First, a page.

I recently read a biography on Daniel Boone.  Most of us know him as a frontiersman and hunter who blazed the Wilderness Road into Kentucky.  He founded Boonesborough one of the first English-speaking settlements beyond the Appalachian Mountains.  Kentucky was the hunting grounds of various Indian tribes and Boone was confronted with many adversities being a pioneer in uncharted territories.  His eldest son was brutally murdered and his daughter was kidnapped by a group of Shawnee.  The kidnapping and subsequent rescue by Boone was used as an episode in James Fenimore Copper’s book, The Last of the Mohicans. 

Daniel Boone ventured into unchartered territories more than once.  Not particularly adjusting very well to civilization, he continued moving further west until he eventually settled and died in Missouri.  In addition to his frontier experiences, he was a surveyor and served three terms in the Virginia State Legislature.

As I finished the book, it made me think of the events and changes going on in our industry.  The business landscape has dramatically changed in the past 18 months and there is uncertainty about the future.  We have all become explorers today as we venture into new and challenging territories because of the drastic changes in the mortgage industry. 

I’ve been interviewing candidates for a secondary market position for one of our clients.  A key question I asked each candidate was how they see the future of our industry.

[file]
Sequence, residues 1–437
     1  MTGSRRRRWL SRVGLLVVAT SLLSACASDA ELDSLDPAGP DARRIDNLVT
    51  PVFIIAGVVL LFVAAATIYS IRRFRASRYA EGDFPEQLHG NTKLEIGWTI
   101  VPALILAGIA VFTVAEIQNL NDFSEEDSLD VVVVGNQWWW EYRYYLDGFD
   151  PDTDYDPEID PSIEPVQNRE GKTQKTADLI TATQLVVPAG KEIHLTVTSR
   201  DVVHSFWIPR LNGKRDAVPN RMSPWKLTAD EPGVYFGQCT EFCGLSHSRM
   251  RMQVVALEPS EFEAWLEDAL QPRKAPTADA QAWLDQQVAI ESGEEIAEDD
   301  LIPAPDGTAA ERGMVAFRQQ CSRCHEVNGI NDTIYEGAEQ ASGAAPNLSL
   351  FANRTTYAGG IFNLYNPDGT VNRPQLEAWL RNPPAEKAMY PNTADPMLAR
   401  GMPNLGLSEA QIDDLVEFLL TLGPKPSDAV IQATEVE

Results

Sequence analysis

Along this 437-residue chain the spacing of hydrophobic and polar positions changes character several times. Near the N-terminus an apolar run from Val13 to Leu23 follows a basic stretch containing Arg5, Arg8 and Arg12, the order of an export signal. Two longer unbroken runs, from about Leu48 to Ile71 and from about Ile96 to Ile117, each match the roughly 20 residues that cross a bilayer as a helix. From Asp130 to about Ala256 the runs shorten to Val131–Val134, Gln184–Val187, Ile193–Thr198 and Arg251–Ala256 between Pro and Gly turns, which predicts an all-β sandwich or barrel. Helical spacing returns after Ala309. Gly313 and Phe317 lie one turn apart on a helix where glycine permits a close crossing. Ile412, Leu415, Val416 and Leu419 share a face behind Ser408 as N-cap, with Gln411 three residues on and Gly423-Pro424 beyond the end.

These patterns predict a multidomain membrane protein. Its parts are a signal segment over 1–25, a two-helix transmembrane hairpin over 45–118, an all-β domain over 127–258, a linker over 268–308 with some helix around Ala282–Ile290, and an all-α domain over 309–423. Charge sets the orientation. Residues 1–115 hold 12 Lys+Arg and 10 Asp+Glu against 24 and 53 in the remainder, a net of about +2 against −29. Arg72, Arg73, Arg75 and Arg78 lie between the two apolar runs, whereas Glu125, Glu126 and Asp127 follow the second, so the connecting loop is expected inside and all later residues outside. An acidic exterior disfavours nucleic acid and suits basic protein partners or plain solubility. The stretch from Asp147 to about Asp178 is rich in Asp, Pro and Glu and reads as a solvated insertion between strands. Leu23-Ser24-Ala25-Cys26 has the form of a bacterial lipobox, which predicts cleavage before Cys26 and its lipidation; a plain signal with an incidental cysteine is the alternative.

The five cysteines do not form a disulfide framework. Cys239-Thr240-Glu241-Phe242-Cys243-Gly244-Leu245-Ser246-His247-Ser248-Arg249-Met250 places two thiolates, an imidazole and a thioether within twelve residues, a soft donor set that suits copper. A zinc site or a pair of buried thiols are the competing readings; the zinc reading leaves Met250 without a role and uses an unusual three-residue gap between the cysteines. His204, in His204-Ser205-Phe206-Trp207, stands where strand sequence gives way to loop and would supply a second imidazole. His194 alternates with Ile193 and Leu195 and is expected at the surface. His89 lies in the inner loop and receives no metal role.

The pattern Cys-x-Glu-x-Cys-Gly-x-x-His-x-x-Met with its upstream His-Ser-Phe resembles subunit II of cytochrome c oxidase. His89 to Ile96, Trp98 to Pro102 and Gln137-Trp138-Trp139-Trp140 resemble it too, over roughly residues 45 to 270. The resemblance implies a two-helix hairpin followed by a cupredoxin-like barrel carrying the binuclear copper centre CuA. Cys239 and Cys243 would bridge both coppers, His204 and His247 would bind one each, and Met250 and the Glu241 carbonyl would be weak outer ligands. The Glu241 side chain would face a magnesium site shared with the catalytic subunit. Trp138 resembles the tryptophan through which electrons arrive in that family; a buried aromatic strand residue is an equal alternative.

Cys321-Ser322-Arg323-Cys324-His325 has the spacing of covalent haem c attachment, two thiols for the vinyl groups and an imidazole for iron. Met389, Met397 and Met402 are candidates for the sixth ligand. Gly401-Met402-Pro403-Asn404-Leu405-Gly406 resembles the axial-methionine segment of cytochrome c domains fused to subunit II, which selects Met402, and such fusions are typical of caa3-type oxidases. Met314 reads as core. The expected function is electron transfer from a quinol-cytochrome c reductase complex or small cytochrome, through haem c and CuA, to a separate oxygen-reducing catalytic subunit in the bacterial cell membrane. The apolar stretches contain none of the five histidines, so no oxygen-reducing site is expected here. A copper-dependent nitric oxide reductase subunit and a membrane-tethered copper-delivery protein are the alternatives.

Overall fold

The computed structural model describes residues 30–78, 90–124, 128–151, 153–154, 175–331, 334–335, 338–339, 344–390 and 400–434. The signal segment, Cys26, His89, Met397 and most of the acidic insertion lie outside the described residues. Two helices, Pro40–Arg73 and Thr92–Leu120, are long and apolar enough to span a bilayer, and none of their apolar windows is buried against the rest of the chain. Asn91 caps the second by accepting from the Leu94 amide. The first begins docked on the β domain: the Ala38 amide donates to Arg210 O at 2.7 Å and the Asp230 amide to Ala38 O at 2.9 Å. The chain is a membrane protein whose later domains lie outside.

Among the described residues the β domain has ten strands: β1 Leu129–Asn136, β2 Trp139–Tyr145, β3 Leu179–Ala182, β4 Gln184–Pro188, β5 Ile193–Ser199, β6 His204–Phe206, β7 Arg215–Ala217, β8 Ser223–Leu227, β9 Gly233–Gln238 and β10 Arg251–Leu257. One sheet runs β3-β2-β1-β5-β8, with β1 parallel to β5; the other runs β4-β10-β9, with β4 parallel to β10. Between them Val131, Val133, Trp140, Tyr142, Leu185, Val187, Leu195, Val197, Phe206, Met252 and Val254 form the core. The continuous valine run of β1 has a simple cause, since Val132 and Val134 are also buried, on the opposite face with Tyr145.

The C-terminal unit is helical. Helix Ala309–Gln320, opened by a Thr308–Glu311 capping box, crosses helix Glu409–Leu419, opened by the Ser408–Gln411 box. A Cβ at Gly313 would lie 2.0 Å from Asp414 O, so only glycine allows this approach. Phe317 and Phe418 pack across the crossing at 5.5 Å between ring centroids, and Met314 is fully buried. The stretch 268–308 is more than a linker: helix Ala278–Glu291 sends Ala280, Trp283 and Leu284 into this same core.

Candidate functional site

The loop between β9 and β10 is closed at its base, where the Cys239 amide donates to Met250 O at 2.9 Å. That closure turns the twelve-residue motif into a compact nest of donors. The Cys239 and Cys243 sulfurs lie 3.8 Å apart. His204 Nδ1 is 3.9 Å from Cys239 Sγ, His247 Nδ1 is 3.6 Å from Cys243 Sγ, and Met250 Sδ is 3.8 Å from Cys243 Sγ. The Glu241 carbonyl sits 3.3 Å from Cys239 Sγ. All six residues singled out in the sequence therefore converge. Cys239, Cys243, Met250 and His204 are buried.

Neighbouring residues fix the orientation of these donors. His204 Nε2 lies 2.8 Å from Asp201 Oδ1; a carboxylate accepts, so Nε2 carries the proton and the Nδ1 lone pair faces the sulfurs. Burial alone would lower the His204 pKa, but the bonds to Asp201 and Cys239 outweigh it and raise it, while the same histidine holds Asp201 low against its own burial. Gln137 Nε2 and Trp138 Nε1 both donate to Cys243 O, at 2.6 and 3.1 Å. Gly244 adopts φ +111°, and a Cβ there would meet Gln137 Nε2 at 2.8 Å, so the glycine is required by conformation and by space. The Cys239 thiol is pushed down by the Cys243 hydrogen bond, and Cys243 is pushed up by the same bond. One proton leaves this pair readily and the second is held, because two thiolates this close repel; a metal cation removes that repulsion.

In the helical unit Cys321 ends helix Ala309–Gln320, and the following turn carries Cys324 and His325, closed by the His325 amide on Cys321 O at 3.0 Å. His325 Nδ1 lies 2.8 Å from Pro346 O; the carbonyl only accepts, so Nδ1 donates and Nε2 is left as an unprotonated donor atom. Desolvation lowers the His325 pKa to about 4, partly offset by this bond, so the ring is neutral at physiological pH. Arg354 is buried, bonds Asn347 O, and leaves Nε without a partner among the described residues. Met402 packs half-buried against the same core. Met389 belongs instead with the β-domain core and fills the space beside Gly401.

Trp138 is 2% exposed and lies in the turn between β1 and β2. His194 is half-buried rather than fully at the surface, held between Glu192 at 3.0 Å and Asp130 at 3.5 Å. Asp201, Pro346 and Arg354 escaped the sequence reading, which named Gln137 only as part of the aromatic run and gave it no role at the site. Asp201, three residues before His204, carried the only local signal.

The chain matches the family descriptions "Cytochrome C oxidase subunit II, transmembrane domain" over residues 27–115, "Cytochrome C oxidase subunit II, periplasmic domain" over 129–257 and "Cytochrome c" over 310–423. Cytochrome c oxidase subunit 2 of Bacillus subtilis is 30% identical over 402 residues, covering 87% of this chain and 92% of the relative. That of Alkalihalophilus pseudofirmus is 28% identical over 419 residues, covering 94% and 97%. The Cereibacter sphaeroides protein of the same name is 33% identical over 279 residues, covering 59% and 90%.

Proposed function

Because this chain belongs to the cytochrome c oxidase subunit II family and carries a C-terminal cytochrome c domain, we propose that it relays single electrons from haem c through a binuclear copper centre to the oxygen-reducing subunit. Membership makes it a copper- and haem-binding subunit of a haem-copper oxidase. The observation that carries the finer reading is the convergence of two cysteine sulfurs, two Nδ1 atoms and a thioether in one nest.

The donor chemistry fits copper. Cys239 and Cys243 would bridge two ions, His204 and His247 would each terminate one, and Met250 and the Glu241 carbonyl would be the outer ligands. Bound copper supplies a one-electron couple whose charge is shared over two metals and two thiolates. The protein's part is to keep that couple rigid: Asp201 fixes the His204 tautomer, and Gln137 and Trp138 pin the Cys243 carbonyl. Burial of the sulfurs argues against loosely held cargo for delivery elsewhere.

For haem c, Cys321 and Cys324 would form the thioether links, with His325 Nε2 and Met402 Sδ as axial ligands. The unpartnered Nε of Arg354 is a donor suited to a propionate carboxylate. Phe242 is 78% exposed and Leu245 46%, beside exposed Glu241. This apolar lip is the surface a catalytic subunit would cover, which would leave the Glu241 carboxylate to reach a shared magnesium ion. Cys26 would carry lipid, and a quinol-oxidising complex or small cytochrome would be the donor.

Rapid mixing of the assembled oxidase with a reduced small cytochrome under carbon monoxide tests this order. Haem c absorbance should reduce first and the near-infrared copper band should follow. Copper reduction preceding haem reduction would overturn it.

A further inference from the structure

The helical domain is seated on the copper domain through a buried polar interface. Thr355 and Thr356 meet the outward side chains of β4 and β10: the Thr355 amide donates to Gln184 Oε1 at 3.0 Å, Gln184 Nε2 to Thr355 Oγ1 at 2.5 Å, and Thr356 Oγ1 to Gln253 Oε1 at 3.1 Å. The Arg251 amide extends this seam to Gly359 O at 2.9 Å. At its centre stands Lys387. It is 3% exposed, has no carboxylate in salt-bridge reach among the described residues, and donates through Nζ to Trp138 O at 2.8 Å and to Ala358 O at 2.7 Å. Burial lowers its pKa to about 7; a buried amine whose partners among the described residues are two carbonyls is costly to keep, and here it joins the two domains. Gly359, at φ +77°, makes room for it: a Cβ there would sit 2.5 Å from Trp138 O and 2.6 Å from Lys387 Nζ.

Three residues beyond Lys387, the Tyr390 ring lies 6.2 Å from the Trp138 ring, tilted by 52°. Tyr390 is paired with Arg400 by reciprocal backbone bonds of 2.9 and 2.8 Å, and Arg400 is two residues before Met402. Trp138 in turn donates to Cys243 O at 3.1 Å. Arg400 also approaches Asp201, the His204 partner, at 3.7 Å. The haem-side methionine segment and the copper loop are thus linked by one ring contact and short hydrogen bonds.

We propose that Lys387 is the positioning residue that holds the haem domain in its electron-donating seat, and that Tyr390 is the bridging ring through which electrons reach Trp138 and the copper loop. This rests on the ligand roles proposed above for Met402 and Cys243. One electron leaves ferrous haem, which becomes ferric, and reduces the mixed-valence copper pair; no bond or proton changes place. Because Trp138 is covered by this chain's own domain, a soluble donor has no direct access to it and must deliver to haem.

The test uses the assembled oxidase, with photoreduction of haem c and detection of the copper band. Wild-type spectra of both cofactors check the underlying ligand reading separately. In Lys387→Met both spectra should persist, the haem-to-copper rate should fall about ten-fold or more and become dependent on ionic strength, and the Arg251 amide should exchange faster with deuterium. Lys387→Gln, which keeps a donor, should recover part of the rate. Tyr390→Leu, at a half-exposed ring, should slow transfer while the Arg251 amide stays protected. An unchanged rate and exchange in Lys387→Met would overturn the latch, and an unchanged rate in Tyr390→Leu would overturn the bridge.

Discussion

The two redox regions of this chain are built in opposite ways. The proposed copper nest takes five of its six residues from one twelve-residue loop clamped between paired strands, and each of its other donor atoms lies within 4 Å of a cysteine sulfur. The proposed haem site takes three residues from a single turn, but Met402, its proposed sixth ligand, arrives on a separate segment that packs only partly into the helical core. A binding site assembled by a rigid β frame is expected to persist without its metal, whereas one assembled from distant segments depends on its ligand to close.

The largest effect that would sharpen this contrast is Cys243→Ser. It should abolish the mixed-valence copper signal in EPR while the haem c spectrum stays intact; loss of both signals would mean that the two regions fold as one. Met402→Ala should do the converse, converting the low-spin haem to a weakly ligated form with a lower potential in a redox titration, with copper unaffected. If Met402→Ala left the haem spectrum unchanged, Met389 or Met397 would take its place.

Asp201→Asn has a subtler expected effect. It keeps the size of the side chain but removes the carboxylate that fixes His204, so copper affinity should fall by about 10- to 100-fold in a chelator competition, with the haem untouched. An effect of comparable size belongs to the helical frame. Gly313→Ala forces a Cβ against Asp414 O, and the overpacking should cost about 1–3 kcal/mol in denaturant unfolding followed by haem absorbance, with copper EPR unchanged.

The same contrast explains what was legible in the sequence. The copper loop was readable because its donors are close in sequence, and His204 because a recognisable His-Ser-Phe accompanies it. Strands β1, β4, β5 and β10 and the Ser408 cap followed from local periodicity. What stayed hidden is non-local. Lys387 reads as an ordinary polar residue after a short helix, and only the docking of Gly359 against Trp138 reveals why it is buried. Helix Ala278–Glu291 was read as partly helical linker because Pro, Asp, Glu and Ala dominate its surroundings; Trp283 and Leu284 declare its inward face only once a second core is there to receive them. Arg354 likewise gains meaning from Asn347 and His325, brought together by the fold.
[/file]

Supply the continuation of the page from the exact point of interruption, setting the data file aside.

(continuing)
Here are a few comments and predictions:

  1. The professional mortgage broker will survive.  They may bolt onto an entrepreneurial regional mortgage banker, but they won’t be joining large institutional mortgage lenders anytime soon.
  2. Community banks will become more active in warehouse lending, mortgage banking and acquirers of loan servicing.
  3. The demonizing of the FNMA and FHLMC by the government is very negative.  The government needs to be involved in residential housing to ensure liquidity in the capital markets.  Without liquidity, we could revert back to the days when banks / savings & loans provided most of the residential lending to the market place. 
  4. Barriers to entry are high today and probably moving higher in the future.  Capital requirements are now $2.5 million to become a seller to FNMA/FHLMC. FHA capital requirements will be $2.5 in 3 years.  Warehouse leverage ratio requirements continue to drop and high liquidity is more important than ever before
  5. There is a wide spread between market and economic value of servicer rights today.  It makes a lot of sense to acquire or hold servicing rather than selling it.
  6. There will be more regulations in the industry and mistakes are going to be costly to loan officers and owners of companies.

We have become pioneers regardless if we want to be one or not.  We will have to adapt, adjust and expect the unexpected to survive and thrive.  Do you have any insights or thoughts on what the future might look like for the mortgage business?